Leading European clubs will oppose any plans to expand the World Cup finals to 40 nations and are not considering a "super league" as an alternative to the Champions League, it emerged Tuesday from the European Club Association (ECA) general meeting in Paris.
Although the idea of a 40-nation World Cup has been proposed by UEFA secretary general Gianni Infantino, ECA chairman Karl-Heinz Rummenigge said the clubs were supporting Infantino in his bid to become president of football governing body FIFA.
An ECA statement following the assembly said the "healthy balance" between club and international football should not be upset by an expanded World Cup.
ECA vice-chairman Umberto Gandini of AC Milan said the extra strain on players would not be acceptable for European clubs, who pay the players' wages.
Rummenigge meanwhile told dpa it was "too early to talk" to talk about a European "super league." Instead talks were being held on how the European club competitions could be further developed.
"It is important to get a well-balanced solution for all involved," he said.
Last month the Bayern Munich chairman had spoken in Italy of the possibility of a new competition involving Europe's top clubs.
"I don't rule that in the future a European league consisting of the big teams from Italy, Germany, England, Spain and France will be founded," he was quoted as saying at the time "This could be either organized under the aegis of UEFA or privately."
Rummenigge has expressed concern that a new television deal for England's Premier League's posed a threat to other European leagues. The top clubs will be seeking greater revenue from the Champions League and Europa League in negotiations for the 2018-2021 cycle.
On the backing for Infantino, Rummenigge told dpa: "We haven't got a vote but in the spirit of football we are supporting Gianni Infantino."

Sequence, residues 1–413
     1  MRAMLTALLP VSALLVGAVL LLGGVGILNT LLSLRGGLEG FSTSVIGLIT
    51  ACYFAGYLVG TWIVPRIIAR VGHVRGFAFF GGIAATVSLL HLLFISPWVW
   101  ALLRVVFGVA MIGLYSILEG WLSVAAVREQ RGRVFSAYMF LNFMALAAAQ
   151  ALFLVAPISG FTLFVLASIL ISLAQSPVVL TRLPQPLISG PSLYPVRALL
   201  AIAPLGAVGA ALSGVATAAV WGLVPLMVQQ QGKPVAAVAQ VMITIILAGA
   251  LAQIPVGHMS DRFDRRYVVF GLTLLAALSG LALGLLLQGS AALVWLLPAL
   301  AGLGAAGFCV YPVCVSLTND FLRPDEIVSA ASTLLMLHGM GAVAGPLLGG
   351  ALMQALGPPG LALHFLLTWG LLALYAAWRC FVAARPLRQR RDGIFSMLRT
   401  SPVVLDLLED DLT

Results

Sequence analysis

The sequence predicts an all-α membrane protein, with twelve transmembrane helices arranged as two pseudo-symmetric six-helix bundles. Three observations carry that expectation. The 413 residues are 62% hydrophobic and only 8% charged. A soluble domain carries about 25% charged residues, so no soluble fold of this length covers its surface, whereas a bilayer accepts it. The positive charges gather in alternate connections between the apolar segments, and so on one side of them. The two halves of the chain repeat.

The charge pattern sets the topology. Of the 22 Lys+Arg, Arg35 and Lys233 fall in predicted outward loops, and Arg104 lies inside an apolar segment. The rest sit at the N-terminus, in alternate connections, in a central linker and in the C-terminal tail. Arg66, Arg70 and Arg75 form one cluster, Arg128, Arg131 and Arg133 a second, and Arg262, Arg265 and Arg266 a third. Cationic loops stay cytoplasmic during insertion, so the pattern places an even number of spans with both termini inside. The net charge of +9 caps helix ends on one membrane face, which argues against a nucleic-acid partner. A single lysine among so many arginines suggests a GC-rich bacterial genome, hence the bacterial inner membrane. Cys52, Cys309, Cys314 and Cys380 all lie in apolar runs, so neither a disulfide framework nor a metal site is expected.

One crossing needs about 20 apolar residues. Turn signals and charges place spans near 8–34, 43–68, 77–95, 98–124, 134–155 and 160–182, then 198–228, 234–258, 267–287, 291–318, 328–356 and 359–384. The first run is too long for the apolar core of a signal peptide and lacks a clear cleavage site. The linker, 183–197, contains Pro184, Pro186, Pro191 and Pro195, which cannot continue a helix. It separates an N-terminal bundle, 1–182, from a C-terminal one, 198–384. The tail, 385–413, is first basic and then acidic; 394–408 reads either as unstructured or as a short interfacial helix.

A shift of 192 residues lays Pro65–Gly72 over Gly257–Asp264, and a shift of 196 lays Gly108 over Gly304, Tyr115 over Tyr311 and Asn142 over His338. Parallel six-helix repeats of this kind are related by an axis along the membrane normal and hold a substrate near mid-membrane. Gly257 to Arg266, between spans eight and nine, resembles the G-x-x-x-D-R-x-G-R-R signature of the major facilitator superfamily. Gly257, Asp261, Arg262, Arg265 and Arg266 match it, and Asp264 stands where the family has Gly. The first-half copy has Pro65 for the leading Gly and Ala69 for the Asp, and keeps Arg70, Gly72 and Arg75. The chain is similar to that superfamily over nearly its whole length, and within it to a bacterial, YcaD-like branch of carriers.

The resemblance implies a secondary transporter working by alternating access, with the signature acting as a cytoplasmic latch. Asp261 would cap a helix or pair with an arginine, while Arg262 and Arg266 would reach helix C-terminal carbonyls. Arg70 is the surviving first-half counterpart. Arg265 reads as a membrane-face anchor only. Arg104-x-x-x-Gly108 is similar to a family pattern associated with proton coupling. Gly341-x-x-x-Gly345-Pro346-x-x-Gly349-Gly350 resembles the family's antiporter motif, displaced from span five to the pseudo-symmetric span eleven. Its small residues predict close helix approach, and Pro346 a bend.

European clubs had always been able to worked "in a position of trust" with Infantino, he said.
Infantino is one of five candidates standing in the election on February 26 in Zurich to succeed banned outgoing president Joseph Blatter.
Asian Football Confederation president Sheikh Salman Bin Ebrahim Al Khalifa of Bahrain, former FIFA vice president Prince Ali Bin Al Hussein of Jordan, former FIFA official Jerome Champagne of France, and South African businessman Tokyo Sexwale are the other candidates.
On Monday, the federations of Austria, Czech Republic, Hungary, Liechtenstein, Poland and Slovakia said they would all vote for Infantino.
European body UEFA's executive committee has unanimously endorsed Infantino but it is not clear if all 53 UEFA members will also give him their backing. He would need a majority of the 105 votes from the 209 FIFA member federations.
The African confederation CAF has endorsed Sheikh Salman, but it appears that not all African federations will follow the recommendation.
Liberian federation president Musa Bility was reported as saying Monday at least 26 nations will vote independently. Liberia is to support Prince Ali, while South Sudan has pledged to vote for Infantino.